We Can't Afford to Let ISIS Run Wild in Iraq

A successful military intervention isn't just possible; it's essential

The Spectator

August 16, 2014

Iraq is a bloody mess. The Islamic State of Iraq and Syria has extended its hold from eastern Syria into western and northern Iraq, massacring Shi’ites, Christians and Yazidis wherever it can. Meanwhile in Baghdad there has been a constitutional crisis, with Prime Minister Nouri al-Maliki threatening to cling to power at gunpoint even though his own political bloc has chosen a different candidate.

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Book Review: 'The Invisible Bridge' by Rick Perlstein

The mid-1970s brought a crime wave, meat and gas rationing, a deep recession, workers idled at Christmastime—then came Ronald Reagan.

Wall Street Journal

August 1, 2014

Rick Perlstein has established himself as one of our foremost chroniclers of the rise of the modern conservative movement. It's an unexpected niche for a card-carrying liberal. But if he's occasionally tart in his comments about conservatives, he is not entirely unsympathetic either. In fact, he reserves some of his most cutting barbs (and there are many in his well-crafted if slightly over-caffeinated works) for clueless establishment liberals who all too readily dismissed the significance of conservative champions such as Barry Goldwater, Richard Nixon and Ronald Reagan.

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A Strategy to Defeat ISIS in Syria and Iraq

Prepared Statement BY MAX BOOT

U.S. House Committee on Armed Services

2nd Session, 113th Congress

July 29, 2014

Hearing on Iraq and Syria

Chairman McKeon, Ranking Member Smith, members of the committee:

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In Tibet to Stay

China builds a spiffy police state

The Weekly Standard

July 21, 2014


Seven Years in Tibet was the title of a popular book and movie. I spent only five days in Tibet in early July—just long enough to get adjusted to its headache-inducing altitude (the capital is 11,800 feet above sea level)—so I hesitate to draw sweeping conclusions. But even a brief visit revealed realities beyond the headlines, which normally focus only on events such as monks burning themselves to death to protest Chinese occupation. Visiting two of the largest cities, Lhasa and Tsetang, and driving around the countryside, I saw the benefits as well as the bane of China’s rule.

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Book Review: 'American Spartan' by Ann Scott Tyson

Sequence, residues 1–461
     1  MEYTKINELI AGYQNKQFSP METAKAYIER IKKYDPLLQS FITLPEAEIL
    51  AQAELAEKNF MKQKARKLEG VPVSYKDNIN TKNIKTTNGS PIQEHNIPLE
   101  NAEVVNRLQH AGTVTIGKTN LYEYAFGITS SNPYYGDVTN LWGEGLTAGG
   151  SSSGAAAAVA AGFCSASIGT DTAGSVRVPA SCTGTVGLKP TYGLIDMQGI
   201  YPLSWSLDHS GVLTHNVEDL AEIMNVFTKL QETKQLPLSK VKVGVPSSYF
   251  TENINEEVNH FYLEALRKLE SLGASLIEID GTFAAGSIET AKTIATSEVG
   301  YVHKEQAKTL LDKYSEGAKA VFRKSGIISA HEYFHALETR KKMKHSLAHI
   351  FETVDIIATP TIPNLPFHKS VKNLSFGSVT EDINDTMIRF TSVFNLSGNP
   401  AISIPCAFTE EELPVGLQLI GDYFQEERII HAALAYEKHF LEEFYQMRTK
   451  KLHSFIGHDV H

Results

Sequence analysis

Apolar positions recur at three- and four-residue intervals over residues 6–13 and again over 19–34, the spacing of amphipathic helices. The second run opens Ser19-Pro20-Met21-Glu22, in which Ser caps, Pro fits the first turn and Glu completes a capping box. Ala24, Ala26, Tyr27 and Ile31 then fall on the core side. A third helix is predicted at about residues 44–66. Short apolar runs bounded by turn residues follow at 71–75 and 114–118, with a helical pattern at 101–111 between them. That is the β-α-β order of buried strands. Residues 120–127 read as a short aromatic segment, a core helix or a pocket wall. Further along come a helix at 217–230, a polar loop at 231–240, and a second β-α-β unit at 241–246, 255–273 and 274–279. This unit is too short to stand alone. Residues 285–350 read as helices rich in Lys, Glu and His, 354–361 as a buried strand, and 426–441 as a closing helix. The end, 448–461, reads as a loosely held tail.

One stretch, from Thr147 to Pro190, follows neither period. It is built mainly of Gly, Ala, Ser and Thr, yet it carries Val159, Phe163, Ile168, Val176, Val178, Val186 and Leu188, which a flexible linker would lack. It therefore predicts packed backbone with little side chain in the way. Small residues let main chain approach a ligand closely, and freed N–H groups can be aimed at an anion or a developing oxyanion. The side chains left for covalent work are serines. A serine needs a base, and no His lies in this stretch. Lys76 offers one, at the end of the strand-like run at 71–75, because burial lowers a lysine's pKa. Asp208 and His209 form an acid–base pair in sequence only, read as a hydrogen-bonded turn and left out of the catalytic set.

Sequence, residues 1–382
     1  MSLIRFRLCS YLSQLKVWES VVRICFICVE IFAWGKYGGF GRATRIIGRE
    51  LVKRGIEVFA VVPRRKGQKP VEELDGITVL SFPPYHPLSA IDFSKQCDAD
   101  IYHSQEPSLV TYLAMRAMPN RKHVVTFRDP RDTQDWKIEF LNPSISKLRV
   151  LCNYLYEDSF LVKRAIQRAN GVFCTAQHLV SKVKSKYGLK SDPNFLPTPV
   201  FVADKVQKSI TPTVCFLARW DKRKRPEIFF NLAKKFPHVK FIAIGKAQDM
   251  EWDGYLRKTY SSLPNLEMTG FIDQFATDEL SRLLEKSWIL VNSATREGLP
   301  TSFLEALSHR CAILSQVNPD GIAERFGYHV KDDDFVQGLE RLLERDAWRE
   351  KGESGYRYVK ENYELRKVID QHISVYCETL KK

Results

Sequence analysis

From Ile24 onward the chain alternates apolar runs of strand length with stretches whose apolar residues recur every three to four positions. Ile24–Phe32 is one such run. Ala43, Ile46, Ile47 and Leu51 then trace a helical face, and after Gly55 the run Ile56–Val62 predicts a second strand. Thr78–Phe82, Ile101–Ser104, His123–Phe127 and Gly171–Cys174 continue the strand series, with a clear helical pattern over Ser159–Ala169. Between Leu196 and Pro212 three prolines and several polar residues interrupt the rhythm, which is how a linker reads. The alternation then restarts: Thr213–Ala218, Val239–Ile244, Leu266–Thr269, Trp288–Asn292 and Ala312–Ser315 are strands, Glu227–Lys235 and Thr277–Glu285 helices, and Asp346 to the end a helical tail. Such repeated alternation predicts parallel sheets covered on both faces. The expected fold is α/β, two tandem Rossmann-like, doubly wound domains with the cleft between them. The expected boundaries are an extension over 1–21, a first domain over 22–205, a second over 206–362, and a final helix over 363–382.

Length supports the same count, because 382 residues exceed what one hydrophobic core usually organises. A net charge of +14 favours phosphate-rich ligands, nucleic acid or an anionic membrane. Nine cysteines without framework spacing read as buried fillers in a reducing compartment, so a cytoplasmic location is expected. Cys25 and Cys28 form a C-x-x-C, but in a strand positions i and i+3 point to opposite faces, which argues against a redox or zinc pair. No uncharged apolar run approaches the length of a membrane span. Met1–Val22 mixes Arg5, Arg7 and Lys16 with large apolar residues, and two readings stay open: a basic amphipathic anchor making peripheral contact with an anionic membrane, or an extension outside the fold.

The Promise, the Mission, and the Betrayal of Special Forces Major Jim Gant

Commentary Magazine

"The Horror, the Horror"

July 1, 2014

Nearly 13 years of war in Afghanistan and Iraq have produced many stories of heroism and selfless service among American troops. There have also been a few stories of stupidity and even criminality. No stranger story has emerged from the past decade, however, than that of Major James K. Gant, an Army Special Forces officer whose exploits in Afghanistan have been compared to those of T.E. Lawrence (“Lawrence of Arabia”) and Colonel Kurtz, the renegade Special Forces officer played by Marlon Brando in Apocalypse Now (derived from Joseph Conrad’s Heart of Darkness).

Read more: Book Review: 'American Spartan' by Ann Scott Tyson

Here's what the U.S. can do about Iraq

Los Angeles Times

June 18, 2014

There are no good options in Iraq right now. But some are worse than others. Three of the worst, unfortunately, are also the most popularly debated in Washington today: launch U.S. airstrikes without U.S. boots on the ground; work with Iran to fight ISIS, the Islamic State of Iraq and Syria; and/or break up Iraq into separate Shiite, Sunni Arab and Kurdish states. All three options are alluring, but their appeal is fool's gold.

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“Destined to be the classic account of what may be the oldest . . . hardest form of war.” —John Nagl, Wall Street Journal


"Enormous, brilliant and important…. Terrific… Astute… Boot’s Invisible Armies should be required reading in the White House and Pentagon." —Michael Korda, Daily Beast

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